Monday, November 18, 2013

Stability in by-election polling

On Friday, The Globe and Mail published the latest by-election polling results from Forum Research, showing no significant change in any of the four races. In fact, that has been the only real consistent trend in the by-election polling: remarkable stability.
Forum was last in the field for these by-elections on Nov. 5, and showed no statistically significant shifts of support for any of the main contenders in any of the four races.

In Bourassa, Emmanuel Dubourg of the Liberals led with 50% support, with Stéphane Moraille of the NDP at 21% and Daniel Duranleau of the Bloc Québécois at 20%. Dubourg led in all well-polled demographics.

Rolf Dinsdale of the Liberals continued to lead in Brandon-Souris, with 44% support to 36% for the Tories' Larry Maguire. NDP candidate Cory Szczepanski and Green candidate David Neufeld were tied at 9% apiece. The demographic breakdowns were the opposite of what you'd expect, with Maguire more competitive among younger voters and women and Dinsdale leading very comfortably among voters over the age of 55. When it comes to turnout, though, that is a big advantage for the Liberal candidate.

In Provencher, Ted Falk of the Conservatives led with 51% and among all well-polled demographics. Terry Hayward of the Liberals was at 30%, followed by Natalie Courcelles-Beaudry of the NDP at 10%.

And in Toronto Centre, the Liberals' Chrystia Freeland led with 47% support, with leads among both men and women and voters over the age of 35 (though she trailed by a point among younger voters). Linda McQuaig of the NDP was at 32%, followed by Geoff Pollock of the Conservatives with 16%. The problems that Abacus Data highlighted with the last Forum poll do not seem to be an issue here, due to Freeland's comfortable lead among almost all age groups.

What is remarkable about these polls, considering the snapshot nature of Forum's IVR polling and small sample sizes (with the exception of Toronto Centre), is the stability of the polls. In virtually all cases, support is wobbling to and fro within the margin of error. The only large shift recorded has been between the Oct. 17-18 and Nov. 14 polls in Bourassa for the Greens. The drop in support after Georges Laraque dropped out of the race was outside the margin of error. In every other case, shifts in support for the major parties between Oct. 17-18 and Nov. 14 and between Nov. 5 and Nov. 14 were within the margin of error.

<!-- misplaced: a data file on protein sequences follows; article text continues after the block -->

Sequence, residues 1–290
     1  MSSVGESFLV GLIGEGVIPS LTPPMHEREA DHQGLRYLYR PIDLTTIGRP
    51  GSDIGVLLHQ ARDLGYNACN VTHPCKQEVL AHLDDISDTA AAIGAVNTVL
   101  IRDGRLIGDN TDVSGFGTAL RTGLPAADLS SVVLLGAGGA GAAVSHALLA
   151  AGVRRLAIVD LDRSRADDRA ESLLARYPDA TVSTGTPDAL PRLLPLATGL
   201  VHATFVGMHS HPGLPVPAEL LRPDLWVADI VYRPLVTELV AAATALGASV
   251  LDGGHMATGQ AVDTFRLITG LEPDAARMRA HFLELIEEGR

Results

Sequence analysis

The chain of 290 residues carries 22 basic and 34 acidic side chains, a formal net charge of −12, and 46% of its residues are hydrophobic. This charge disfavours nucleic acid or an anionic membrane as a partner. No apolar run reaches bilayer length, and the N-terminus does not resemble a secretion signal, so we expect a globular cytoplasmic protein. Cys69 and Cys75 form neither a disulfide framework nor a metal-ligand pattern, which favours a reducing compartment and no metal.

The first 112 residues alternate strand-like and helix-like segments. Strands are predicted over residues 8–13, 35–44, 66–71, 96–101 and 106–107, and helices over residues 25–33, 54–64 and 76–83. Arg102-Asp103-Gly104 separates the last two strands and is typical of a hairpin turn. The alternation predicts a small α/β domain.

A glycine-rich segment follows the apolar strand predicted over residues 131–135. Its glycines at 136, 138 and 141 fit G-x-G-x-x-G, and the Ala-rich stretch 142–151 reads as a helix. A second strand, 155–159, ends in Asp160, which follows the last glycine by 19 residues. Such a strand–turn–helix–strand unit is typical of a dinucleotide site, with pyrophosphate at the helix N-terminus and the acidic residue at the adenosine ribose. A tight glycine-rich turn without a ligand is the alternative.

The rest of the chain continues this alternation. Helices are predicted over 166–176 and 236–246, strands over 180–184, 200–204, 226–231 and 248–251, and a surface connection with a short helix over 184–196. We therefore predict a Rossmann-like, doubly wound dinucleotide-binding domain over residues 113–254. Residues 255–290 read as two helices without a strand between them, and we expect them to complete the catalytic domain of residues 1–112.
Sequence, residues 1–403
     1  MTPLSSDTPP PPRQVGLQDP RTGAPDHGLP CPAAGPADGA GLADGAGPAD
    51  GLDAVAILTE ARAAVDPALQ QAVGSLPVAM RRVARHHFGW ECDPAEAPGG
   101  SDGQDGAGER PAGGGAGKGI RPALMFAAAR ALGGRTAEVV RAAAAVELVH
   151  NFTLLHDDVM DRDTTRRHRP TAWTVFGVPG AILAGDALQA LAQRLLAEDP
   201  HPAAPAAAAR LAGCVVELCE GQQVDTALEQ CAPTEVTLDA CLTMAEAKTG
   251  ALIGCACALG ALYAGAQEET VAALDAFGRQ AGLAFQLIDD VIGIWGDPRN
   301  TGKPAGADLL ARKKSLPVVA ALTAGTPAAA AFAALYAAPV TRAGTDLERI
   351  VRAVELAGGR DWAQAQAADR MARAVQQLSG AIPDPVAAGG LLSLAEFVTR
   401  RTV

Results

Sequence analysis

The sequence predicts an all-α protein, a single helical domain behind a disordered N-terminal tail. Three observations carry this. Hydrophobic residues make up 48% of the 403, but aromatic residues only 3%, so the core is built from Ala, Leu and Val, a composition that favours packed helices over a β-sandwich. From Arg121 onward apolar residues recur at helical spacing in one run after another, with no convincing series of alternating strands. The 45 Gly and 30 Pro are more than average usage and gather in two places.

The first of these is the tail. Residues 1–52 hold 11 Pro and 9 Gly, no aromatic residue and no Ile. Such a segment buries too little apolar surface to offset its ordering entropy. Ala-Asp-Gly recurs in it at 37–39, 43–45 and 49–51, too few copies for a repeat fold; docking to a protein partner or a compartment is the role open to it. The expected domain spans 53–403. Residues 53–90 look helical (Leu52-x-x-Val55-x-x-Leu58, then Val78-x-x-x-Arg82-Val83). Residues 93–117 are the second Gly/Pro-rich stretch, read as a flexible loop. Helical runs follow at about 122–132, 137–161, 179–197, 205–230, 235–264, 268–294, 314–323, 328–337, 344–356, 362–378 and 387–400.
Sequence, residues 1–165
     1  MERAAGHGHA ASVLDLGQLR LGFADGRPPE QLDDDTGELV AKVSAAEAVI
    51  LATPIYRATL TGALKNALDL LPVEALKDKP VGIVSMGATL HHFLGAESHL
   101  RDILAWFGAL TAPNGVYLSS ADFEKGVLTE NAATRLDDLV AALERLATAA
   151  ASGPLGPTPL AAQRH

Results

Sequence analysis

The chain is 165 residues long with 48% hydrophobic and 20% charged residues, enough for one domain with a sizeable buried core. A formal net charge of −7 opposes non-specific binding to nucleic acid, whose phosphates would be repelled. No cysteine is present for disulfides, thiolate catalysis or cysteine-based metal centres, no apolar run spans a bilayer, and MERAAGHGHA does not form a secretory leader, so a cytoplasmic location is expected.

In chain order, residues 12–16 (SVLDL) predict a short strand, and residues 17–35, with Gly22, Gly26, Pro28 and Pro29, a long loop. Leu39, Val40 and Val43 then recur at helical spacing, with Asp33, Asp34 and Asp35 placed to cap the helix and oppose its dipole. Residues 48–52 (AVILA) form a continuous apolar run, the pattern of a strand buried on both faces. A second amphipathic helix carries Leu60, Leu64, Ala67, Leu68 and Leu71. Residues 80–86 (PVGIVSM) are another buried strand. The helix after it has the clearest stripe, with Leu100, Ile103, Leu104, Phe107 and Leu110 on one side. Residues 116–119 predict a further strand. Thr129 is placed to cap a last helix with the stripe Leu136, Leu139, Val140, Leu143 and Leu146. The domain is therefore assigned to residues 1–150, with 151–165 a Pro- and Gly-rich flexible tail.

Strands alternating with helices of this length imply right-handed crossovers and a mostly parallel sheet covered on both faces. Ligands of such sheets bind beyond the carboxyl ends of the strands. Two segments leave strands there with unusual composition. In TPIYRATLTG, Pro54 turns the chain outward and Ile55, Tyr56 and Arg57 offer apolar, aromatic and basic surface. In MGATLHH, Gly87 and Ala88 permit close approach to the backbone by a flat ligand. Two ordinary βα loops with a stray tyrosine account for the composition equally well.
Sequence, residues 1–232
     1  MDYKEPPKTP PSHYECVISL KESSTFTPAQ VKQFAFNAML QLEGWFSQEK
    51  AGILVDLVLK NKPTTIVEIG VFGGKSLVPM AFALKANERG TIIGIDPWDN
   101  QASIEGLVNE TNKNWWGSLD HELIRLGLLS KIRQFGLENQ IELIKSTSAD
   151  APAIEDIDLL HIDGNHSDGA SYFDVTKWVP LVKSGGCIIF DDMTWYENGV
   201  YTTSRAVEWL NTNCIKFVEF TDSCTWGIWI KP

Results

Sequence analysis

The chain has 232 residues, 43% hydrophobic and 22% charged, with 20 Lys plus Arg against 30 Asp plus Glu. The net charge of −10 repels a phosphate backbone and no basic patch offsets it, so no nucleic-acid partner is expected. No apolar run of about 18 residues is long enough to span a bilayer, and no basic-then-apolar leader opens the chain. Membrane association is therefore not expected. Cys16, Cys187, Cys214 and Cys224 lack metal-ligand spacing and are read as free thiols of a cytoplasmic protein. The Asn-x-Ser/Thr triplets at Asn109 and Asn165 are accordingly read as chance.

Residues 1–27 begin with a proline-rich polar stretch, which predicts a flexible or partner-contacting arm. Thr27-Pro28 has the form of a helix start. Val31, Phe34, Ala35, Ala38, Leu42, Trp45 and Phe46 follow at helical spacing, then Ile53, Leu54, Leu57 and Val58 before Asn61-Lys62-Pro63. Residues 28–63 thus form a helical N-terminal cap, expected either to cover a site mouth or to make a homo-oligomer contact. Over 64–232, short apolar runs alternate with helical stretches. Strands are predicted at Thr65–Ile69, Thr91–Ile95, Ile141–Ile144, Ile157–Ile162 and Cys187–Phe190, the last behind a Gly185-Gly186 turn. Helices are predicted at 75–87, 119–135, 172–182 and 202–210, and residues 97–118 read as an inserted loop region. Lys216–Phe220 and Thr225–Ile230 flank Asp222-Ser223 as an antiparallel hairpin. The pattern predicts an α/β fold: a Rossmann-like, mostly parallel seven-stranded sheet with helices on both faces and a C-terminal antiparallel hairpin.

In Bourassa, Dubourg has been up-and-down and the trendlines for both Moraille and Duranleau are positive. But they are not significant - and they certainly don't point to any potential for an upset or surprise.

The trendline in Brandon-Souris is positive for Dinsdale, but a gain of 39% to 44% is not large considering the sample of decided voters was under 460 in the first and most recent polls of the campaign. Dinsdale appears to be taking support from both the Greens and NDP, who have been trending downwards. But again, these are not significant trends.

The trend for Falk in Provencher is negative, but not that significant with samples of decided voters of 310 or less in the three polls. Both Hayward and Courcelles-Beaudry have been up-and-down.

And in Toronto Centre, the only trend is a slightly positive one for Freeland, with McQuaig generally holding steady (in this race, as in Bourassa, looking at the polls done months ago before any candidates were named does not instruct us much in determining a strong trend in the campaign itself). The margin between the two has oscillated between 15 points, 11 points, and 15 points again.

These four charts show just how stable the numbers have been. Compare that to, say, Calgary Centre (where the Conservatives dropped by more than 10 points during the campaign) or Labrador (where the Liberals dropped by almost 20), and you see that this degree of stability is not something that occurs every time. Are the races not registering in voters' minds? Is Forum missing out on important new trends? We can expect Forum to report again before the votes on Nov. 25. Perhaps the last 11 days of campaigning will shake things up. But if things stay as steady as they have been over the last month, the Liberals are heading for a good night.